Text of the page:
- 4. Public school model. For schools in the Bard Early College Network, the preference is for the early college high school to be a regular public school, part of the school system itself. This model allows for maximum collaboration within the K-12 system, and does not set early college apart as an elite option. However, low per pupil spending can make it difficult to start or sustain a program longterm using this model.
- 5. Direct state funding model. States that have provided direct per pupil payments for early college programs have seen the quickest growth of these institutions and longest staying power. Having early college funding as a part of the state education budget, without having numerous workarounds and pass-through relationships, clearly indicates state support for these projects, and encourages schools and colleges to invest resources and energy in this area.
- 6. Fifth year of high school model. States that have allowed early college students to take a fifth year of high school have allowed students to earn more credits at no cost to them or their family (the state fully funds this effort). Particularly in STEM fields, the extra year of support while taking college classes has meant both higher enrollment rates and a better chance of success in STEM majors.
- 7. Philanthropic funding. In some states, foundation funding has filled the gap for early college programs, ranging from grants to fill the gap between public school funding and what is needed to run a program, to full scale bankrolling of an early college system by a foundation. While these grants have been critical for the creation and scaling up of early college programs, they can be problematic because state and local policymakers avoid making long-term sustained commitment to early college programs.
What You Can Do When You Need Funds and Support for your Program
No matter the approach, early college programs may have gaps in their funding. How can community/business partners support early college efforts? A few ways to build support for early college initiatives include:
Start Now: In today's media and political climate, it is important to publicize "quick wins" as you go, not waiting for milestones such as a first graduation or a big evaluation report. This is difficult for those of us used to working in program evaluation, where it is customary to wait for detailed outcomes before presenting a program to the public. Instead, as good things happen, even modest in scale, it is critical to get the word out about what you are doing and get your program attention for the good it has already started to do.
Build Buzz: High-quality photos, materials, and videos can really help people connect to the effort. Parents and students often do not know about newer options, and they need to see some of the real students involved in order to believe that they can do it. Getting the college/university or district publicity staff, no matter how small, behind your effort is key to getting the word out about your effort.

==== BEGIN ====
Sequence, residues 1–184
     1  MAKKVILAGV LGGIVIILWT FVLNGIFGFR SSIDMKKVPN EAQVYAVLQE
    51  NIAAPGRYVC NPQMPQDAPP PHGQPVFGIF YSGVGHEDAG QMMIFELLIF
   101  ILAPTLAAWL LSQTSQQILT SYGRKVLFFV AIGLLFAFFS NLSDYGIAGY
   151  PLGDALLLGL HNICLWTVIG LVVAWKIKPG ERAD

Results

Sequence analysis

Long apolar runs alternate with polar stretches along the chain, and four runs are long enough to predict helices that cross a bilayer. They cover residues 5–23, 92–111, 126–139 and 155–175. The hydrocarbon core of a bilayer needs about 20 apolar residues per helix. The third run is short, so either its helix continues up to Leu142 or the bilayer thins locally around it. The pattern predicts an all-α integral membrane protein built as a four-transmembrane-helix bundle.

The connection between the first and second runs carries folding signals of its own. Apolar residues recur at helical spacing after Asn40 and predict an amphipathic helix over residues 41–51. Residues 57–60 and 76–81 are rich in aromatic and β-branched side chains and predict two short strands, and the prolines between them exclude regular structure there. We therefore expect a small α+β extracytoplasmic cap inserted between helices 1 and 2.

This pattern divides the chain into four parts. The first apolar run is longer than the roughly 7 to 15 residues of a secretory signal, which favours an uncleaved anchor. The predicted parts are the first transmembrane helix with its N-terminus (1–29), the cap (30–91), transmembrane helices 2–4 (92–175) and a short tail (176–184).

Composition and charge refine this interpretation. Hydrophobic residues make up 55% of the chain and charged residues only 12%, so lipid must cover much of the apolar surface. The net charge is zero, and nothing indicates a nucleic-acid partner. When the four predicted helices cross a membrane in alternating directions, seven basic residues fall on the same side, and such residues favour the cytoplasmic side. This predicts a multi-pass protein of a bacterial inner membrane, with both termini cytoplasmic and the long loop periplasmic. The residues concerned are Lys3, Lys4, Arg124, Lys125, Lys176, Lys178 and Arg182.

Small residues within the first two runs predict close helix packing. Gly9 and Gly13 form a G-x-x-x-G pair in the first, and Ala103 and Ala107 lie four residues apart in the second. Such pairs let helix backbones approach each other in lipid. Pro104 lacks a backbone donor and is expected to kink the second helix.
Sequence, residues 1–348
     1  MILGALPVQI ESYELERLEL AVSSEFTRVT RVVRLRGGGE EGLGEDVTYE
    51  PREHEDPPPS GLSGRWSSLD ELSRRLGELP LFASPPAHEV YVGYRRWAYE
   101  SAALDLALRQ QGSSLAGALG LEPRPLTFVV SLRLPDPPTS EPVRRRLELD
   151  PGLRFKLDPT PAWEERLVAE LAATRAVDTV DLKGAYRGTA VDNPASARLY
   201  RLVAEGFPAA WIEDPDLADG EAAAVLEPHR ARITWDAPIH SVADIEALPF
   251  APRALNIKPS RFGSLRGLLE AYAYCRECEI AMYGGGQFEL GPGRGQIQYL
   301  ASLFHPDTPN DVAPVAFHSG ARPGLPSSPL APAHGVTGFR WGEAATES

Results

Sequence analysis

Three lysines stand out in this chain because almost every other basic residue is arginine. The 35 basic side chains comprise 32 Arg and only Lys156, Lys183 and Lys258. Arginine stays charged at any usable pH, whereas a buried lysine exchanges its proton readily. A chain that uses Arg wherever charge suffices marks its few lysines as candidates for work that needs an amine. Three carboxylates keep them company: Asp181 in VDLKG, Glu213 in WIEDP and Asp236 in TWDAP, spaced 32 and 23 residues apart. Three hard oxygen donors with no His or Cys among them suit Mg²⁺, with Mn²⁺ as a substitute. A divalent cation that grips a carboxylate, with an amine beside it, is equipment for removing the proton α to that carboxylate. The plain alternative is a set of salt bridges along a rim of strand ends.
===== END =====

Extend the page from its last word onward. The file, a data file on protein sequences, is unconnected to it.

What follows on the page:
Donations: Whether it is a six-figure check, or the gift of lab coats and goggles, building support from corporations, philanthropy, and other groups is critical for long-term success.
Connections to Career: When community partners can offer internships, job shadowing, job speakers, tours, it helps students connect what they are doing in math class to the real world. Government agencies such as workforce development boards can be critical here, aligning early college experiences with real workplace opportunities, such as summer employment.
Building Political Support: Schools are poorly set up to advance the cause of early colleges. Local officeholders, business people, and colleges are often good at getting the ear of lawmakers and education officials, and using it to build long-term support for funding these efforts. I invite local state representatives to talk to our early college government class every term in order to personalize the students who are benefiting from the program. This kind of firsthand testimony is key, particularly when your effort lacks the lobbying dollars that competing reform efforts have.
Grants and Gifts: Be prepared to apply to multiple funders for grants and gifts. While not all funders are open to the idea of early college, the metrics you can provide about the success of your program will help you make progress with local, state, and national foundations and funding agencies. Draw on the research evidence found throughout this book to help you make your case!
Building Support: It Starts with a Step or Two ...
Gaining funds and support for early college and dual enrollment programs can be a daunting task, particularly for beginners in areas such as evaluation and grant writing. The first step in the process is to create and run an excellent program that meets the needs of your student. From there, do not be afraid to start small in building support and, gradually, with experience, scale your efforts to match the needs of your program. Remember that hundreds of programs have been in your shoes and reach out to your colleagues for advice and support in this area.
An, B.P. (2013). The Impact of Dual Enrollment on College Degree Attainment: Do Low-SES Students Benefit? Educational Evaluation and Policy Analysis, 35(1), 57-75. doi: 10.3102/0162373712461933
Atchison, D., Zeiser, K.L., Mohammed, S., Knight, D.S. and Levin, J. (2019). The Costs and Benefits of Early College High Schools. Education Finance and Policy, 1-56. doi: 10.1162/edfp_a_00310